How to trim annuals

Annual plants complete a full life cycle -- from seed to death -- in a single growing season. While some gardeners dislike the need to replant every spring there are many that see the benefits of planting annuals in their landscape: wider variety of colors, less expensive, no need to divide plants over time, and they can be easily switched out for something different.
Just because they have a short growing season doesn't mean though that you can't have beautiful blossoms throughout much of the plant's lifespan. Keeping your annuals trimmed will help to promote lush, dense growth and continued blooms.
1. Dead head spent flowers
As flower blooms pass their prime, it's best to remove them regularly to encourage the plant to generate new blossoms. This can be done by pinching them with your fingers or using garden shears to remove spent flowers. Gardening Info Zone talks about the why and how of deadheading your plants.
2. Pinch back leggy plants
Sometimes plants can become tall and spindly, or "leggy" as seasoned gardeners will call it. When this happens pinch off the tops of the plants using your fingers or garden shears. This encourages the plant to produce more side shoots creating a bushier plant.
3. Trim lateral buds off stems
When growing plants such as peonies or carnations where you would like one single plant per stem, trim off the lateral buds before they are allowed to fully develop. This will send all nutrients and resources to the single bud left at the end of the stem. Unsure of what a lateral bud is? Check out Dave's Garden for an explanation.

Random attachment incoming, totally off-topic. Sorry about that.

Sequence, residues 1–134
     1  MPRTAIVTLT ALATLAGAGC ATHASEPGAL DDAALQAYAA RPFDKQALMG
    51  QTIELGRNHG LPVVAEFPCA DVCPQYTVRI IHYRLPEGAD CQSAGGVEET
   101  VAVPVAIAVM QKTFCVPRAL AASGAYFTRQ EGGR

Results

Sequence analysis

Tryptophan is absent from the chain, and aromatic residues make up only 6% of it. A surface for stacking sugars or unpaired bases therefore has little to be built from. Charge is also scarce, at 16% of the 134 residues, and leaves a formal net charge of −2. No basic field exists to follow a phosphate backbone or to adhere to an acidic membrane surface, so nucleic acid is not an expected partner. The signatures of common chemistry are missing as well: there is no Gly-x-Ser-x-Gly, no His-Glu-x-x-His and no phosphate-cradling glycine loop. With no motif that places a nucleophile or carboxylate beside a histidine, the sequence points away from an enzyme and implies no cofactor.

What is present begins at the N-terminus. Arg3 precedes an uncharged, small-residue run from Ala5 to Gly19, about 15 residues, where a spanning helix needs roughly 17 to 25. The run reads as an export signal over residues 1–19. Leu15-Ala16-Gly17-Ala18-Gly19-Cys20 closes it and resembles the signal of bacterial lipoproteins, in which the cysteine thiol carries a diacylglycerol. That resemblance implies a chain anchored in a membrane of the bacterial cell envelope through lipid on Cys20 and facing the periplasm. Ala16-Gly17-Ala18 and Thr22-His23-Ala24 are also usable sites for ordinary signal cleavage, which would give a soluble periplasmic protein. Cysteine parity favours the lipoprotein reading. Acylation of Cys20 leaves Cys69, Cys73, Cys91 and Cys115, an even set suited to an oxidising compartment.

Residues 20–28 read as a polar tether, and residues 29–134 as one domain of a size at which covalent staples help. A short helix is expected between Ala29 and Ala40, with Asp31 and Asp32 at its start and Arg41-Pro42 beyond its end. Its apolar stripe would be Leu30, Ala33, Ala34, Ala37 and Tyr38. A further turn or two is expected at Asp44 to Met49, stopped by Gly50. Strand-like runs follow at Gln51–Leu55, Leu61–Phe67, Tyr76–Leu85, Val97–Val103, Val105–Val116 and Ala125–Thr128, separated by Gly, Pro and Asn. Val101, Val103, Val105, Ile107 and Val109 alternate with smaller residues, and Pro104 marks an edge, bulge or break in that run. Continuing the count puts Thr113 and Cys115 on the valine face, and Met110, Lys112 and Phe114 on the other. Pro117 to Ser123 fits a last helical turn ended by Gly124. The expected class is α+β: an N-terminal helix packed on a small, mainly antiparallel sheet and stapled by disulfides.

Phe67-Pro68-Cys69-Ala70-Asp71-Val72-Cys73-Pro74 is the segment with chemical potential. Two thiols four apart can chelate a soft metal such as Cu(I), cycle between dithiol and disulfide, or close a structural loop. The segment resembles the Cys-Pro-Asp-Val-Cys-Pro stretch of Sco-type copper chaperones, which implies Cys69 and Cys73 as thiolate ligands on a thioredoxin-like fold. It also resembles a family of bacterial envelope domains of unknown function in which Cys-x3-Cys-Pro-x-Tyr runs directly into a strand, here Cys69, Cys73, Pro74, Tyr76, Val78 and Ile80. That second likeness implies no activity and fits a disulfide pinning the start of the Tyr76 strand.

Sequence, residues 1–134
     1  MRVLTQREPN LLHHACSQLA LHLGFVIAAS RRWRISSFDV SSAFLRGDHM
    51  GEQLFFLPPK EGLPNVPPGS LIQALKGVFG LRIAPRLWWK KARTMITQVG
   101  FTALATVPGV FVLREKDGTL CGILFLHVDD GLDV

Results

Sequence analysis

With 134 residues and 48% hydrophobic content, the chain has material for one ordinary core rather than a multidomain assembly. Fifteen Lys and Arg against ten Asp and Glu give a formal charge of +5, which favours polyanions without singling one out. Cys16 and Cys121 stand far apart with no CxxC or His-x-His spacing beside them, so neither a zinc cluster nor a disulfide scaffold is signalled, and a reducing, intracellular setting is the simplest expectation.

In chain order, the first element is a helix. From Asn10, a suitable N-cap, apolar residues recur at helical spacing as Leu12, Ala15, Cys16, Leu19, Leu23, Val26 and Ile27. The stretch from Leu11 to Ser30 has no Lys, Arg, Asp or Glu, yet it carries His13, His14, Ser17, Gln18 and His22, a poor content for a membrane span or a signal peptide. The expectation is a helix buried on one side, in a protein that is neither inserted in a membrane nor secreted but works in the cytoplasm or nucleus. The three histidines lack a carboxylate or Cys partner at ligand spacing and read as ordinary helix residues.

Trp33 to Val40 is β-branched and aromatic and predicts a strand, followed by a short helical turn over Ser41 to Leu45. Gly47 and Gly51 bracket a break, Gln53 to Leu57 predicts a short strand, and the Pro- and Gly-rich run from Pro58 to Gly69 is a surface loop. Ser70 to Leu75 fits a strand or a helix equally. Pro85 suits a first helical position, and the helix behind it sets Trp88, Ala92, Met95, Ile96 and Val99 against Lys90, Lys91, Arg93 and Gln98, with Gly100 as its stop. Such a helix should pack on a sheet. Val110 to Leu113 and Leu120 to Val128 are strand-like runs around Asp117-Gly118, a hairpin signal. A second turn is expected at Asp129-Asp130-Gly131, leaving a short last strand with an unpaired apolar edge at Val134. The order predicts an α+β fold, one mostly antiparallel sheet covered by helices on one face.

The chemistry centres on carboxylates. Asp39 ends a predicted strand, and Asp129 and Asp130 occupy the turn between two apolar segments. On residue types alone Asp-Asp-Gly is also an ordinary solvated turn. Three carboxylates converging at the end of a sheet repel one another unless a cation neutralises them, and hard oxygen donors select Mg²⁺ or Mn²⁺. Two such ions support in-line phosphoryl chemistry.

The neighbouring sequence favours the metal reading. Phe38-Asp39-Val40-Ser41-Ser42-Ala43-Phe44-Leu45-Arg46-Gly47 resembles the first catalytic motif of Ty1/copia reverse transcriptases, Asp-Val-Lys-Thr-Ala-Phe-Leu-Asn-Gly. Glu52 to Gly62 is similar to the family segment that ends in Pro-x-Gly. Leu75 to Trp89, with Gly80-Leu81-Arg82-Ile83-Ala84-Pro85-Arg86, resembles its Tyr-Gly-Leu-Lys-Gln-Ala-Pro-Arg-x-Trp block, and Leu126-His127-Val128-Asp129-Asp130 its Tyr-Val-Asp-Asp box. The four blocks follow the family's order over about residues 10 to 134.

4. Remove terminal buds
If you remove the terminal bud from a stem, this encourages the plant to produce more smaller buds from lateral buds. This will mean more blooms on your plant and more color in your garden.
5. Discard diseased tissue
If you have any plants that are showing symptoms of diseases or other fungal problems, it's imperative to remove the damaged tissue(s) and properly discard of them. This will minimize the spread of infection between plants.
6. Use clean, sharp equipment
When trimming plants, it's important to make sure any implements you use are clean and sharp. This will help to prevent the transmission of disease between plants and sharp cuts will minimize damage that occurs to plant tissue.
Resources Banner Image Credit, Gardening Info Zone, and Dave's Garden

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